At first, the girls in Hostel II don’t look as eager to be victims as did the boys in Hostel. That is, their gallivanting across Europe is not structured so overtly as reckless efforts to get laid or drug-addled. This would seem to make them moderately “sympathetic,” or maybe just warranting vague viewer dismay upon their horrific fates in Slovakia.
When the girls find themselves on a train bound for that Eastern European nation, they offer up a history lesson that suggests director Eli Roth is shoring up his cred. The Americans—rich girl Beth (Lauren German), nerdy girl Lorna (Heather Matarazzo), and slutty girl Whitney (Bijou Phillips)—are bonding with the vampy girl who’s too obviously assigned to reel them in, Axelle (Vera Jordanova). When Whitney worries they’re headed into a war, she’s reassured, “There hasn’t been war in Slovakia for 50 years.” Right: either these girls are smarter than the boys in Hostel, who believed an ongoing war left the girls desperate for their American penises, or Eli Roth is making sure we all know he’s not so dumb as to think there’s a war in Slovakia. Dude!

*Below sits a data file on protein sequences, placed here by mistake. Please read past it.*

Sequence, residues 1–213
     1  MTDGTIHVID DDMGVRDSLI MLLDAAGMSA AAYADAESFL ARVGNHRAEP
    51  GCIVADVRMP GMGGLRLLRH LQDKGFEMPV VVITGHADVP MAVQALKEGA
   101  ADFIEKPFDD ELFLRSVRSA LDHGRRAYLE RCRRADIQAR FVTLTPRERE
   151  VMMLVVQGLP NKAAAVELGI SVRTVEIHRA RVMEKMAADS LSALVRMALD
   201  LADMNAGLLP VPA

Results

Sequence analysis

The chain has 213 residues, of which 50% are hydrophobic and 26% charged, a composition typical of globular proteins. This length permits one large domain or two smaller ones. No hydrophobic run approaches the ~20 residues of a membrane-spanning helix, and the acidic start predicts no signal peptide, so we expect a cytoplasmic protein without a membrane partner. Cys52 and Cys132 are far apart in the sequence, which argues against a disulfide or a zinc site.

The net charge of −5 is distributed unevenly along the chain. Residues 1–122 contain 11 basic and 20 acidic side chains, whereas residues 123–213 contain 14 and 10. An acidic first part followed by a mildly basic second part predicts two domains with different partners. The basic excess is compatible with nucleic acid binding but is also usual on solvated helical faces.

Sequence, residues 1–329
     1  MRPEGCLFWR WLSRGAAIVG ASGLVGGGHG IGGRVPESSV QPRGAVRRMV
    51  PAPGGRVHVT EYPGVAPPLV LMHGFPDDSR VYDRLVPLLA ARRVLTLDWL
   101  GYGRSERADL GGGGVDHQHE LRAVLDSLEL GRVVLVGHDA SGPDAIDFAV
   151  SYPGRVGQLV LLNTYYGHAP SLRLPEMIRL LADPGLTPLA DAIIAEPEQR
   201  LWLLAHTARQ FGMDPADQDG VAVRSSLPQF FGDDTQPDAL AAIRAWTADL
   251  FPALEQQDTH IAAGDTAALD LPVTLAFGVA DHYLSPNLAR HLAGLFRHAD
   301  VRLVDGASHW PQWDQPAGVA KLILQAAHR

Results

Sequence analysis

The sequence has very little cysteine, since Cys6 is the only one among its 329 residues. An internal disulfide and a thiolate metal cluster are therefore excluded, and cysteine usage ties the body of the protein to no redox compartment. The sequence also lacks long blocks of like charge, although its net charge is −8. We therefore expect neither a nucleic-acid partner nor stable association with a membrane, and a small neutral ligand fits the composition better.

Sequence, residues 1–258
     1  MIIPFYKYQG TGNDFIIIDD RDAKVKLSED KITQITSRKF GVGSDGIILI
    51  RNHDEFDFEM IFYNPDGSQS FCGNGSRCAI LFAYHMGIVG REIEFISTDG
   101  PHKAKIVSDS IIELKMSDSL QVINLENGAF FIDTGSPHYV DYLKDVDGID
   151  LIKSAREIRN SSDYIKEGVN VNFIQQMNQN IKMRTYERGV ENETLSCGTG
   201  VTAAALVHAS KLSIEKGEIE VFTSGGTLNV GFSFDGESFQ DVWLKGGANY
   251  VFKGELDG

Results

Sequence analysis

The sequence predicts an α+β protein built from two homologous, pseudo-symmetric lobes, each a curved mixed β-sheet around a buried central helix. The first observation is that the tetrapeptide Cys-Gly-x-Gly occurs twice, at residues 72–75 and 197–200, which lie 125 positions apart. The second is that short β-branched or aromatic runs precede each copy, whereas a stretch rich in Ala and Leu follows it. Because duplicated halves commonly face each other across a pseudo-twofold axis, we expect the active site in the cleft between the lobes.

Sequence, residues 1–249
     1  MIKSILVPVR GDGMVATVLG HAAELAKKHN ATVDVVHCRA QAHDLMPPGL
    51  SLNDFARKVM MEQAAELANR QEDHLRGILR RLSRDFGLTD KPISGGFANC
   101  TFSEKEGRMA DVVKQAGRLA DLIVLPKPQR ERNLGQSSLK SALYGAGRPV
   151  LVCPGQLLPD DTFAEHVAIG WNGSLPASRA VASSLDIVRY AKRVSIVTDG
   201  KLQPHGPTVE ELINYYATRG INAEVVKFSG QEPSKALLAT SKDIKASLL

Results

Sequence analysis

Lauren German, Roger Bart, Heather Matarazzo, Bijou Phillips, Richard Burgi, Vera Jordanova, Jay Hernandez
US theatrical: 8 Jun 2007 (General release)
The moment underscores what’s most annoying about Hostel II, its smug, self-referential perspective on just about everything. (This moment and another, actually, when the TV in the Slovakian hostel is tuned to Pulp Fiction, so you’ll be sure to remember that Roth and Tarantino are tight like that, in case you missed the maestro’s name splattered all over the Hostel II credits.) The girls may not be the slobbering sex-crazed boys of the first film (and neither are they that film’s surprisingly cool “Last Girl,” the German-speaking, smart-fighting, Hispanic Paxton (Jay Hernandez), but they are variously deserving of punishment. This exactly because they are girls: too strong or too weak, too desirous or too desirable, damn scary for boys.